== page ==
US v. Robinson
UNPUBLISHED UNITED STATES COURT OF APPEALS FOR THE FOURTH CIRCUIT
UNITED STATES OF AMERICA, Plaintiff - Appellee, versus JERRY WAYNE ROBINSON, Defendant - Appellant.
Appeal from the United States District Court for the Eastern District of North Carolina, at Raleigh. James C. Fox, Senior District Judge. (5:00-cr-137-1-F)
August 30, 2006
September 29, 2006
Before MOTZ and KING, Circuit Judges, and HAMILTON, Senior Circuit Judge.
Affirmed by unpublished per curiam opinion.
Thomas P. McNamara, Federal Public Defender, Stephen C. Gordon, Assistant Federal Public Defender, Raleigh, North Carolina, for Appellant. Frank D. Whitney, United States Attorney, Anne M. Hayes, Christine Witcover Dean, Assistant United States Attorneys, Raleigh, North Carolina, for Appellee.
Unpublished opinions are not binding precedent in this circuit. See Local Rule 36(c).
PER CURIAM: Jerry Wayne Robinson appeals the district court's order revoking his supervised release and sentencing him to twenty-four months of imprisonment. On appeal, Robinson argues that, because
the district court sentenced him above the Chapter 7 advisory policy statement range to the statutory maximum without
explanation, his sentence is procedurally unreasonable. We affirm. This court recently held in United States v. Crudup, F.3d , 2006 WL 2243586 (4th Cir. Aug. 7, 2006), that it reviews
sentences imposed upon the revocation of supervised release to determine whether the sentence is "plainly unreasonable." If the
court determines that a revocation sentence is procedurally or substantively unreasonable, it must then decide whether the
sentence is plainly unreasonable. In this case,
Crudup at *5. sentence was within the
applicable statutory maximum and the court expressly stated that it considered the Chapter 7 advisory policy statement range of eight to fourteen months. The district court questioned Robinson and The
heard from defense counsel, as well as the probation officer.
district court, however, did not explicitly state any reasons for its decision to sentence Robinson above the policy statement range to the statutory maximum. In Crudup, we reiterated that, although a district court must consider the Chapter 7 policy statements and the 18 U.S.C.A.
- 2 -
§ 3553(a) (West 2000 & Supp. 2006) factors applicable to revocation sentences, the court has broad discretion to revoke its previous sentence and impose a term of imprisonment up to the statutory maximum. Crudup at *4. We further reaffirmed that "`a court's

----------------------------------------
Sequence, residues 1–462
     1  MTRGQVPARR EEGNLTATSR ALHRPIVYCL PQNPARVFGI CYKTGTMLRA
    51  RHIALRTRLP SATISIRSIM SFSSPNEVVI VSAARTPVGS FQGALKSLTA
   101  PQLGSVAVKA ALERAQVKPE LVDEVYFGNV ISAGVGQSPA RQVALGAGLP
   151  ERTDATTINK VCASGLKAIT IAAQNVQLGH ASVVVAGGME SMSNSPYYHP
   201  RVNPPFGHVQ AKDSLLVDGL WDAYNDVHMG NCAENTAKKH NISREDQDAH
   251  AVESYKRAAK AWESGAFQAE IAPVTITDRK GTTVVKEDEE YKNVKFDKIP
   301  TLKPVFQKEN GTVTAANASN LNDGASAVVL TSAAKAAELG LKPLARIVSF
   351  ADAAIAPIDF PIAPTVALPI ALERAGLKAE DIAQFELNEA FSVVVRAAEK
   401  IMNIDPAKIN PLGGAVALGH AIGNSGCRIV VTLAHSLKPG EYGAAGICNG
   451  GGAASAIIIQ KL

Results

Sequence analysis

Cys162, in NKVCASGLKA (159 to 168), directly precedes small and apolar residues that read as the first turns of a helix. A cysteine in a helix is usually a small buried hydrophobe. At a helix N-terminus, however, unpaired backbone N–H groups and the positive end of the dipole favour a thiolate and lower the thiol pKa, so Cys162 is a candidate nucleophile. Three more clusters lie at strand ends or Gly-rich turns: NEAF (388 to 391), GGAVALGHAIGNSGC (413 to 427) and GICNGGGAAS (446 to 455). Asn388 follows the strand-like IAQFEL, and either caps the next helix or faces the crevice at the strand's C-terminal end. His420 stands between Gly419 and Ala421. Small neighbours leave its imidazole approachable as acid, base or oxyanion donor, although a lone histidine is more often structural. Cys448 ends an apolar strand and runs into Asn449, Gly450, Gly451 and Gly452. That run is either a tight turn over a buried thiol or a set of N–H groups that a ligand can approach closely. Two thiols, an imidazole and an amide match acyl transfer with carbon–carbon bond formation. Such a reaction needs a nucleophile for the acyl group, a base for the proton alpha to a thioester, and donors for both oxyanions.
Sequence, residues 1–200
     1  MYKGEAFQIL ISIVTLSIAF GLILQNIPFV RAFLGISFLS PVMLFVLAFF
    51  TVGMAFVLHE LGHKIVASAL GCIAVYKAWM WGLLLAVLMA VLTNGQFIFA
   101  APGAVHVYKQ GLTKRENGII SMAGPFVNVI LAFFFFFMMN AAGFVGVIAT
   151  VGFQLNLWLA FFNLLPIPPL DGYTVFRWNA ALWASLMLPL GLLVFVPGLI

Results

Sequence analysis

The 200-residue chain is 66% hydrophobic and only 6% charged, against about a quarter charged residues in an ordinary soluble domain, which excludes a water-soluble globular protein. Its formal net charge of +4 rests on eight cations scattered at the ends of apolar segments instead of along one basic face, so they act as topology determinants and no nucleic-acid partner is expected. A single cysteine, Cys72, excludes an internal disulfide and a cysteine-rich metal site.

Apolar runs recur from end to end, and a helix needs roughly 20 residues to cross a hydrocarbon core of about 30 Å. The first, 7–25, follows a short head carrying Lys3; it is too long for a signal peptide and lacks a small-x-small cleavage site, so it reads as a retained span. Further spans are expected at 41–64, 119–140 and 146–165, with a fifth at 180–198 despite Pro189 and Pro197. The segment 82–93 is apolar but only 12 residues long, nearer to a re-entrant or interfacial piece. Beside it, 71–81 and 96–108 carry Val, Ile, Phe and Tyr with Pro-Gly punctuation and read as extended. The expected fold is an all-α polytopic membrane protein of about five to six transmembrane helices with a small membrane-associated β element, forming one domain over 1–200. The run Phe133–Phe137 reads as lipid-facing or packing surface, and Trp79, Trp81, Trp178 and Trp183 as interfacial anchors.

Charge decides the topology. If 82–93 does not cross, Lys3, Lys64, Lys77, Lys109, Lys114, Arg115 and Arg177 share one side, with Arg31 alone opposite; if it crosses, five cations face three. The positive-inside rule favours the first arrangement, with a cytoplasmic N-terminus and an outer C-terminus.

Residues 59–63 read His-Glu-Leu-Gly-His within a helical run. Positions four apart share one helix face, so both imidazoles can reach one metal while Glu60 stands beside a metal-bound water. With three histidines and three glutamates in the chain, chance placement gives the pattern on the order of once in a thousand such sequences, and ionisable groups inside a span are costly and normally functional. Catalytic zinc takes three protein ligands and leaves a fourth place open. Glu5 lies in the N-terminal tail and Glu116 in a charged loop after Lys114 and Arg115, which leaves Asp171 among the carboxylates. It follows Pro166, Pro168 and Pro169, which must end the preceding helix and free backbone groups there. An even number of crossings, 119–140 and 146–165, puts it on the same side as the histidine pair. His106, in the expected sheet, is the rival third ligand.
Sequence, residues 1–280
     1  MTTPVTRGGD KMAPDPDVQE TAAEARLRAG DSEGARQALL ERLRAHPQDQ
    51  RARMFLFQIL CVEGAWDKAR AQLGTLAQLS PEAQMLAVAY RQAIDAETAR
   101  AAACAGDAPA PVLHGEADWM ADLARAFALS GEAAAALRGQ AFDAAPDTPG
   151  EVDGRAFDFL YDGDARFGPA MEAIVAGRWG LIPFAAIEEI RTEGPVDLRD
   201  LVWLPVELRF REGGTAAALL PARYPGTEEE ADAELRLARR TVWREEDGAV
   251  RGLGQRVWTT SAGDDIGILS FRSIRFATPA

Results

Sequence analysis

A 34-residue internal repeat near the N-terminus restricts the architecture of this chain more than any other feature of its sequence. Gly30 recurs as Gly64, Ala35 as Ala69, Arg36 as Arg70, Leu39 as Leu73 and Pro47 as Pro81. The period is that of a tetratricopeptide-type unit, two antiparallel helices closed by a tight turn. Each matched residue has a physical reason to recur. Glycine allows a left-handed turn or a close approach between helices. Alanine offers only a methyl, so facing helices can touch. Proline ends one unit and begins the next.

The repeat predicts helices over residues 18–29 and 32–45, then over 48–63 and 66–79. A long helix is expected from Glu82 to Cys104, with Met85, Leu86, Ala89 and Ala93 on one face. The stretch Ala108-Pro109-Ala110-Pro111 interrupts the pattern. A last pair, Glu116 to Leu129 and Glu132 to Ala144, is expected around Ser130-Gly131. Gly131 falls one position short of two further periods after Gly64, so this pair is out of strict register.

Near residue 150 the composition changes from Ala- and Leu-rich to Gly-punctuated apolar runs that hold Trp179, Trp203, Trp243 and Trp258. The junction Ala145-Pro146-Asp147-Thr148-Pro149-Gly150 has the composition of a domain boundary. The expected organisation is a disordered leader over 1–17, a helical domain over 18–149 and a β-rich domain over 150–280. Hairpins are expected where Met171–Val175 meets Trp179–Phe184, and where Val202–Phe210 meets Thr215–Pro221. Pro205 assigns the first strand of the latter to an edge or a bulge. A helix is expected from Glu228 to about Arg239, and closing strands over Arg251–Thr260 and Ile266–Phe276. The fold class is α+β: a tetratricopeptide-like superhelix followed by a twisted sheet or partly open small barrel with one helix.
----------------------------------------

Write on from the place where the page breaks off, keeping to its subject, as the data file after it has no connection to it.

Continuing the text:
statement of its reasons for going beyond non-binding policy statements in imposing a sentence after revoking a defendant's supervised release term need not be as specific as has been required when courts departed from guidelines that were, before [United States v.]Booker, [543 U.S. 220 (2005),] considered to be mandatory.'" Id. at *4 (quoting United States v. Lewis, 424 F.3d
239, 245 (2d Cir. 2005)) (emphasis in original). Although the district court did not articulate at the hearing its reasons for sentencing Robinson beyond the policy statement range, we find that the sentence is not plainly
The record indicates that Robinson received two on his original sentence based on his
See U.S. Sentencing Guidelines Manual Furthermore, the probation
§ 7B1.4, p.s., comment. (n.4) (2005).
officer stated to the court that Robinson has an "appalling" record and is "nothing less than a professional criminal." Given the
broad latitude afforded the district court to impose statutory maximum revocation sentences, the court's consideration of the relevant policy statement range, and substantial support for the
- 3 -
court's decision in the record, we find that the sentence is not plainly unreasonable. Accordingly, we affirm the district court's order
revoking Robinson's supervised release and imposing a twenty-fourmonth sentence. We dispense with oral argument because the facts
and legal contentions are adequately presented in the materials before the court and argument would not aid the decisional process.
- 4 -
Disclaimer: Justia Dockets & Filings provides public litigation records from the federal appellate and district courts. These filings and docket sheets should not be considered findings of fact or liability, nor do they necessarily reflect the view of Justia.
Why Is My Information Online?